Further, it's agreed by many that the phone-hacking story had all but run its course until, on Monday 04 July 2011, The Guardian's reporters Nick Davies and Amelia Hill ran the headline: "Missing Milly Dowler's voicemail was hacked by News of the World".
The phone-hacking of celebrities and politicians had been fair game up to this point, or at least no serious action was visibly threatened against the News of the World, but, not for the first time, that paper never quite knew where to draw the line and this time British tolerance was tested too far and public opinion turned against the country's biggest selling paper with a vengeance. This, probably more than anything legal, broke the News of the World and led to its closure.
It's quite possible that Lord Justice Leveson's remit allows a fairly broad brush approach in the settlement of matters affecting what is deemed to be in the public interest as opposed to what the public is interested in. A stricter, more rigidly enforced Code of Practice is likely to have greater attraction than a "Privacy" law or anything in a more legal framework, for the Law itself is not always too clear precisely where the fault lines lie.
One case which illustrates the problem is that of Max Mosley. Mr Mosley, a controversial figure, is the son of British fascist leader Sir Oswald Mosley and Diana Mitford who were married at a ceremony in Germany attended by Hitler and Goebbels. In March 2008, he was secretly videod for the News of the World, taking part in sex acts with five prostitutes, by one of the ladies involved. Adding bite to the story, the paper claimed that there had been Nazi role-playing during the session though this was proved to be a complete fabrication and in July 2008, Mr Mosley successfully sued the paper.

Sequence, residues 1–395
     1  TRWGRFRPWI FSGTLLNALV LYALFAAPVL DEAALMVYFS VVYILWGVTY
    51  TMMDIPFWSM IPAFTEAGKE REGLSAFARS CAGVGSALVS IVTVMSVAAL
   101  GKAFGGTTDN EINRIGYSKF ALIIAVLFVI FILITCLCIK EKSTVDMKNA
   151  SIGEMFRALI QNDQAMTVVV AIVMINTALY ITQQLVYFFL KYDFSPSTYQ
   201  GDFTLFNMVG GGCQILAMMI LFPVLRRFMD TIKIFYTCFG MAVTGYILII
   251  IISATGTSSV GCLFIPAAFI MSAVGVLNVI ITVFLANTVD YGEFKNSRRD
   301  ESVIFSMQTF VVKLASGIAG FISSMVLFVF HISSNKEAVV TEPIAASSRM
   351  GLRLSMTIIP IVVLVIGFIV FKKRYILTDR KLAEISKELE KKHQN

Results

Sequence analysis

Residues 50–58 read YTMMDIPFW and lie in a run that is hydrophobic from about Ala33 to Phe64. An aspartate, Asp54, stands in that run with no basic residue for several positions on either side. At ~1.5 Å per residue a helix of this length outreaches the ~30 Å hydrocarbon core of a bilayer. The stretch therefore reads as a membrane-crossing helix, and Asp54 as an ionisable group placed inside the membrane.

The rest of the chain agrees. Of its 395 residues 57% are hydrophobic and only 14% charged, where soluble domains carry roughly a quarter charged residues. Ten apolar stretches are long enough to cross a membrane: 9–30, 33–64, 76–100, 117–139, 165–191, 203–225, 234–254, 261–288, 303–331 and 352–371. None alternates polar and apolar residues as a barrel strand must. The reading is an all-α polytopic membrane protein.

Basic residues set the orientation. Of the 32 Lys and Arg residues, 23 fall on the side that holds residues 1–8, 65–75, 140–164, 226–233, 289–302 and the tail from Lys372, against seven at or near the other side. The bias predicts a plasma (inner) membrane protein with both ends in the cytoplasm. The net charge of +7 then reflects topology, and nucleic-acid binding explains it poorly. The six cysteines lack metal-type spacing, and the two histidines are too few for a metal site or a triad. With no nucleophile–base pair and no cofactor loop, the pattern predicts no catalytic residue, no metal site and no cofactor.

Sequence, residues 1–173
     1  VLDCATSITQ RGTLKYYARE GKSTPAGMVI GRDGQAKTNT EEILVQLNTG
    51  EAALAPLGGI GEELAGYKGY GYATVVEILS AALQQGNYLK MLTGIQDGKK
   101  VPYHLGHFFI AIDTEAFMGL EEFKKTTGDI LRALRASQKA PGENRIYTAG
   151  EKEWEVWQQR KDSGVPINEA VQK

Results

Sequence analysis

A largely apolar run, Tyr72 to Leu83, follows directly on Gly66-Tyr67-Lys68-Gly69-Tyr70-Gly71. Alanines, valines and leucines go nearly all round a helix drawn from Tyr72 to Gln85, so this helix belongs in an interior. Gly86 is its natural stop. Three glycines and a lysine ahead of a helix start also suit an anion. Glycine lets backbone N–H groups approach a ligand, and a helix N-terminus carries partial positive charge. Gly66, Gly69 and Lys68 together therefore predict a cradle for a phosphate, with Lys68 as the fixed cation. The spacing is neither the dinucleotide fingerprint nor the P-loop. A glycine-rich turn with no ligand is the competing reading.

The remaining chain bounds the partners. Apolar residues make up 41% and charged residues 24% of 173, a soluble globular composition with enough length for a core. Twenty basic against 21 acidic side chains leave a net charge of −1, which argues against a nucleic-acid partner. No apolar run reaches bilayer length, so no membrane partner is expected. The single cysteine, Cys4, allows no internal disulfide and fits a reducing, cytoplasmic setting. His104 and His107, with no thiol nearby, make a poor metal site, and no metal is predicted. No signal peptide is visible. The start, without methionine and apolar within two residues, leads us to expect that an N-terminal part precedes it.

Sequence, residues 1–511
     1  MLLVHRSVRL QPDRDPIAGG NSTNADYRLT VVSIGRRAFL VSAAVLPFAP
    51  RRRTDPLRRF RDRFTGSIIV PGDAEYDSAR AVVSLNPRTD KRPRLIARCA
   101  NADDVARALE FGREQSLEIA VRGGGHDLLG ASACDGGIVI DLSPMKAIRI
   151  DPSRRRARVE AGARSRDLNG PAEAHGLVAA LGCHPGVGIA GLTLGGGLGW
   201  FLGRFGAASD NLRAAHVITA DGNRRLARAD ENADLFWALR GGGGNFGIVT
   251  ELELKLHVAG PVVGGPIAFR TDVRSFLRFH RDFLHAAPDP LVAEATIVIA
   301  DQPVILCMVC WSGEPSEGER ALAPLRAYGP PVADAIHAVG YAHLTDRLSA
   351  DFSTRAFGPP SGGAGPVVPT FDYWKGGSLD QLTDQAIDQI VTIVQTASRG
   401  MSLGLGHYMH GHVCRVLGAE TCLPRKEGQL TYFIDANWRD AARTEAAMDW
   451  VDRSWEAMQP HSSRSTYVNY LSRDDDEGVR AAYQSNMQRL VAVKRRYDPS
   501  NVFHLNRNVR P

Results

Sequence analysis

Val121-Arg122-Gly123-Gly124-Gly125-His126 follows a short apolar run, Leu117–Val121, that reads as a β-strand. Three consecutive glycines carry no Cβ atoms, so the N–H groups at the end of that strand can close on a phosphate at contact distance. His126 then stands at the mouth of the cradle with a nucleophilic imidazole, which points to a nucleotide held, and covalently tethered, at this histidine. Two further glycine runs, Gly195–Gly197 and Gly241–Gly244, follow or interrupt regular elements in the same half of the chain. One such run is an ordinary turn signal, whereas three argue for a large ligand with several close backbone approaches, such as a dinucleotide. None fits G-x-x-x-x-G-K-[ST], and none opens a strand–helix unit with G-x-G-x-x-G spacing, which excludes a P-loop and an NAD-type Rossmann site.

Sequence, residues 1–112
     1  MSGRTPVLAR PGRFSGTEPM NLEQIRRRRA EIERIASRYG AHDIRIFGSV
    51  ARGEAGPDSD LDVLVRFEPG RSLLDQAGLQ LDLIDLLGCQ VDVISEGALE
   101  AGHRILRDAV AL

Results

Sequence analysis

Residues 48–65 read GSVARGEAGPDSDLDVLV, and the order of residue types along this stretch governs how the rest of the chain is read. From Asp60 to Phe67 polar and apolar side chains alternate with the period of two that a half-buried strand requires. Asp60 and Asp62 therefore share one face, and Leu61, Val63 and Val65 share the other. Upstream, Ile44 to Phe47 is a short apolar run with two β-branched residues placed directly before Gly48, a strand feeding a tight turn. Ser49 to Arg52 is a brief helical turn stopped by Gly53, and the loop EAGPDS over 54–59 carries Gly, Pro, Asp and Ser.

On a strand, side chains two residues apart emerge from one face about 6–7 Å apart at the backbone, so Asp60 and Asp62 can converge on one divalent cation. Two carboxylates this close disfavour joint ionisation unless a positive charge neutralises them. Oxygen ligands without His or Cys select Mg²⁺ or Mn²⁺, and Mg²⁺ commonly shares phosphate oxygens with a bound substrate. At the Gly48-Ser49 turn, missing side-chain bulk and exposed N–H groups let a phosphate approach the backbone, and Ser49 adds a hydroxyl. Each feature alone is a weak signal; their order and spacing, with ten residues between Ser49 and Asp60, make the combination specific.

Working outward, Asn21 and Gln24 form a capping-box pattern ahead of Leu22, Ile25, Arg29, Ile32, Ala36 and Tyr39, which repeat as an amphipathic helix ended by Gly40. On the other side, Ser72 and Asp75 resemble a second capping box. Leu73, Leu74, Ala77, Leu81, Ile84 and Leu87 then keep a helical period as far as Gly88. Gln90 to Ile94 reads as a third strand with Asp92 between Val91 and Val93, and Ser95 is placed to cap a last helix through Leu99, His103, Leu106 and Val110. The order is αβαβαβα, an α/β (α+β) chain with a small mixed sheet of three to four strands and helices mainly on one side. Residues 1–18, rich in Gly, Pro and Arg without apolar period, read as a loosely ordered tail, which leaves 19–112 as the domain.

The judge, Mr Justice Eady ruled:
"... I see no genuine basis at all for the suggestion that the participants mocked the victims of the Holocaust....there was no justification for the clandestine recording, for the publication of the resulting information and still photographs, or the placing of the video extracts on the News of the World website - all of this on a massive scale."
Mr Mosley had asked for punitive damages to be awarded but Mr Justice Eady awarded him compensatory damages of £60,000 and costs - £450,000
Therefore there appears to be a public interest allowance given Mr Mosley's background but the paper simply went too far, with the Nazi element being a fanciful invention.
Since then Mr Mosley has tried to have British Privacy laws changed. Unsuccessfully though, for on 27 September 2011, Mr Mosley lost his (final) appeal before a five-judge panel of the Grand Chamber of the European Court of Human Rights to force such a change.
A little confusing where the rights and wrongs of a matter lie?
Lord Justice Leveson's task is anything but straightforward!